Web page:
Wednesday, September 7, 2016

Climate change and phenology

Fig.1. David Inouye studies phenology and climate change’s effect on pollinators, such as bees, hummingbirds and flies. (Credit: David Inouye)

When David Inouye looks out the window of his Colorado home, he’s looking at the mountains. He’s traded in the D.C. suburbs for this view, which also happens to be his office.

The professor emeritus of the University of Maryland has worked at the Rocky Mountain Biological Laboratory throughout his career, focusing on phenology and climate change’s effect on pollinators. Inouye specifically studies hummingbirds, bumblebees and flies. He has collaborated on other projects studying butterflies and solitary bees. As a graduate student in the 1970s, Inouye began to study how the timing and abundance of flowering of plants changes from day to day, year to year. With 30 plots to study during growing season and gathering data from 120 different species, the study has been ongoing.

“I’m a big supporter of field stations,” Inouye said, noting his work is in a beautiful environment while challenging him intellectually. “I think this particular research station is probably the most productive one in the country -- if not the world.”

Over the years, Inouye said he and his team have discovered that the growing season starts earlier, which can result in frost damage to wildflowers. This can also affect food security, as the production of fruit crops are also affected by the increased frequency of early spring warm spells that are followed by a cold snap.

According to a two-year study conducted by Intergovernmental Science-Policy Platform on Biodiversity and Ecosystem Services (IPBES), pollinators are being driven to extinction, threatening not only billions of dollars of food supplies but human livelihood, as well. The document, “Thematic Assessment of Pollinators, Pollination and Food Production,” also offers ways to protect the pollinator population.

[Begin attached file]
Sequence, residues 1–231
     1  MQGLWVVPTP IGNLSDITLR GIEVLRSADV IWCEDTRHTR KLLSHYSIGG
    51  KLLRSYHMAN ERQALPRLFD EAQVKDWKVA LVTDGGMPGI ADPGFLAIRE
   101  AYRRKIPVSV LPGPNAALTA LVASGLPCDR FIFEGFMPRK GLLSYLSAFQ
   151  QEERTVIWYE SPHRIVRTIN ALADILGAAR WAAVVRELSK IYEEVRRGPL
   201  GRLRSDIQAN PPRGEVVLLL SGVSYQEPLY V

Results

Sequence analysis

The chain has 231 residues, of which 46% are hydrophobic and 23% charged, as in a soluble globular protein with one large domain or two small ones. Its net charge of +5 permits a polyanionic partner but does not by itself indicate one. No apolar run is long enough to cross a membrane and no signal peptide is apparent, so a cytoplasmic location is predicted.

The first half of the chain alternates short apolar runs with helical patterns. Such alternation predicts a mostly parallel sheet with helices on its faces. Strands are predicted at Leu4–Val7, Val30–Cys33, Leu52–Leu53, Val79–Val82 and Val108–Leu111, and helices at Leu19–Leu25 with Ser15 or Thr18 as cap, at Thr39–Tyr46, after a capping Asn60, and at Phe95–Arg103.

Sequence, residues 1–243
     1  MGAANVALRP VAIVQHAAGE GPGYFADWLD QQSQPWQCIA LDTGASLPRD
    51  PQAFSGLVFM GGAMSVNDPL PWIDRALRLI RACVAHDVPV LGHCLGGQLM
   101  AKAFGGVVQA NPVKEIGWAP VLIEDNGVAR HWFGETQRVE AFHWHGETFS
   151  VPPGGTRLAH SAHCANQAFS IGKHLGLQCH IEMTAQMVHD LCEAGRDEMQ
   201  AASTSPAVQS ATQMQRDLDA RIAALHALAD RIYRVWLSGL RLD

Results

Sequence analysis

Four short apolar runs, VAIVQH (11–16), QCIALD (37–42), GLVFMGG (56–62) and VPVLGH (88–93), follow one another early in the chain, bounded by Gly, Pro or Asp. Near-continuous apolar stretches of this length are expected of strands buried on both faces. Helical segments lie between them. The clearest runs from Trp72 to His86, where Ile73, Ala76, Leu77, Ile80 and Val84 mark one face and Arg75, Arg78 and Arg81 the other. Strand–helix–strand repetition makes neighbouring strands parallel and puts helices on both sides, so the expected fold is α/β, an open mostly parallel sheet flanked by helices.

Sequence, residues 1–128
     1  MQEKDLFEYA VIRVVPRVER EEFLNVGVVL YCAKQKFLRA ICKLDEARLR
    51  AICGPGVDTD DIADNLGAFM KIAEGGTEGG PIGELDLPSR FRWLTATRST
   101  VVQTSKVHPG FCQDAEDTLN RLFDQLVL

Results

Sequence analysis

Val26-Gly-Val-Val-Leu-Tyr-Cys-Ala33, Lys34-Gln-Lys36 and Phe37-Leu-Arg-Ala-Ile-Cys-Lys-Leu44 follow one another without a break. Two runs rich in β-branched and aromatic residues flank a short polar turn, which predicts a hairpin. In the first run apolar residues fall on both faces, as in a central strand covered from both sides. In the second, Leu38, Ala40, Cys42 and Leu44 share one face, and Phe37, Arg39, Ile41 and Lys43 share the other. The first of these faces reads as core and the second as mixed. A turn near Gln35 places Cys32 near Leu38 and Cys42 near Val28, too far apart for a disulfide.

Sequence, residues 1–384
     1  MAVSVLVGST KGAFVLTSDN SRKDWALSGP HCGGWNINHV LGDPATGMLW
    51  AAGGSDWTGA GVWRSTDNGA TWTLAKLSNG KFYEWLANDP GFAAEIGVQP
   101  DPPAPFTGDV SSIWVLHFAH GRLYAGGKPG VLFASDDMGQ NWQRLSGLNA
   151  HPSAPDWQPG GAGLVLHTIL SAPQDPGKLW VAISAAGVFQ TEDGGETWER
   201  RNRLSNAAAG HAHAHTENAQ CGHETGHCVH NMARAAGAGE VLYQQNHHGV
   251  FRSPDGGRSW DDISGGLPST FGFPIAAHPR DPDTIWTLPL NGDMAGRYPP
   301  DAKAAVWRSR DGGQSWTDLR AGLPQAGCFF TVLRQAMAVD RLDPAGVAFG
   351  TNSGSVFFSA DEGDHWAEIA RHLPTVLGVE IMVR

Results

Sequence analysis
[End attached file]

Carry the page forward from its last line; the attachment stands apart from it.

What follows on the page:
Inouye can usually be found out in the field, collecting data and specimens for study. Much of his work revolves around collecting and evaluating flower- and pollinator-count data. Regular sampling of the pollinator community clues Inouye in on how it develops, providing further insight as to what environmental variables influence population size.

But Inouye’s research hasn’t come without challenges.

“I’m fortunate to have some funding (for the long-term project),” he said.

But convincing the National Science Foundation that investing in a lengthy project has proven to be difficult, especially when getting funds can be so competitive.

Inouye will be a keynote speaker at our September workshop, Stressors and Drivers of Food Security: Evidence from Scientific Collections. He plans to highlight his work as well as what the application of his results could mean for the global impact of pollinators and food security.

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